In many other trees such as black gum, sassafras, dogwood, and some maples and oaks, the pigment anthocyanin adds red to the palette. Just how much red depends not only on the kind of tree but also on the weather, because anthocyanin is formed only when sugars trapped in the leaf during cold snaps are exposed to direct sunlight.
It’s anthocyanin that varies most from year to year, making some fall leaf displays more colorful than others. A sunny, early autumn punctuated by crisp, cold nights paints a landscape bright with scarlets, purples, reds and oranges. Cloudy days and mild weather, or an extended summer drought that inhibits sugar production, result in a more monochromatic scheme of yellows and browns.
Eventually all leaves lose their brighter pigments and turn brown. For a few fleeting weeks though, each tree contributes its own characteristic color to the fall patchwork. In their last hurrah the leaves cling to the branches only by the barest of threads, their abscission zones weakened. One by one, each leaf is torn from its parent tree by a gust of wind or an autumn rain and spirals to the ground.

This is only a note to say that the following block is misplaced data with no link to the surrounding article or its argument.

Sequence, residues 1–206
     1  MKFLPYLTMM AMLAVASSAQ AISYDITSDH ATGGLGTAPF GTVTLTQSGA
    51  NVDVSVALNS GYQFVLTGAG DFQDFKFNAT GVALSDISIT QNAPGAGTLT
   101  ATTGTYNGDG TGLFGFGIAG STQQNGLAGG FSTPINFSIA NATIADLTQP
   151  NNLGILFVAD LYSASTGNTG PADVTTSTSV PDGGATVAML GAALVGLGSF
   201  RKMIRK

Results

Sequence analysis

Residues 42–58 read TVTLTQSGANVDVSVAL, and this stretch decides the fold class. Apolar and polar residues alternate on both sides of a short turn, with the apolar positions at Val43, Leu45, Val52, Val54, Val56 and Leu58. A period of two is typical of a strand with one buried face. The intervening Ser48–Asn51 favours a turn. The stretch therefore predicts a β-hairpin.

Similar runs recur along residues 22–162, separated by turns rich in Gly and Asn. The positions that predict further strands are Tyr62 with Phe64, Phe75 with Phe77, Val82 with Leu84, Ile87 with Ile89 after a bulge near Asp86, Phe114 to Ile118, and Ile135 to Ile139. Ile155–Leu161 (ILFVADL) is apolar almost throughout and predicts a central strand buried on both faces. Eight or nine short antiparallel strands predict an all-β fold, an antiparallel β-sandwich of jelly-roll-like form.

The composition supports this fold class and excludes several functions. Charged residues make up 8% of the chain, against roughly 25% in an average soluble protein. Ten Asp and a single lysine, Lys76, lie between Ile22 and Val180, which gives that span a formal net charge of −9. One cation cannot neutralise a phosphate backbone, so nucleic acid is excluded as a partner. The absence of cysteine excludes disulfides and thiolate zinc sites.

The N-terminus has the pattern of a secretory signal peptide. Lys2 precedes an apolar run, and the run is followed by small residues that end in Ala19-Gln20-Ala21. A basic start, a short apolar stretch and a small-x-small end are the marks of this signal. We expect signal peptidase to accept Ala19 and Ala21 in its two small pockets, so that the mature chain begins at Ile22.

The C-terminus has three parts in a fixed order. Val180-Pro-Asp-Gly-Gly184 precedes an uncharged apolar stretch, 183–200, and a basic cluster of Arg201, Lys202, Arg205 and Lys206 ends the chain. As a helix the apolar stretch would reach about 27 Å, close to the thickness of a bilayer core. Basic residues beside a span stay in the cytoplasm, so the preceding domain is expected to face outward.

Once returned to Earth, the season’s leaves gradually decompose, conditioning and adding their minerals to the soil and supporting countless unseen creatures — earthworms, fungi and more — vital to the life of the tree above. Eventually their nutrients will be drawn back up through roots and living plant tissue and finally into leaves again, green and growing until the coming of another fall, another turn in the forest cycle.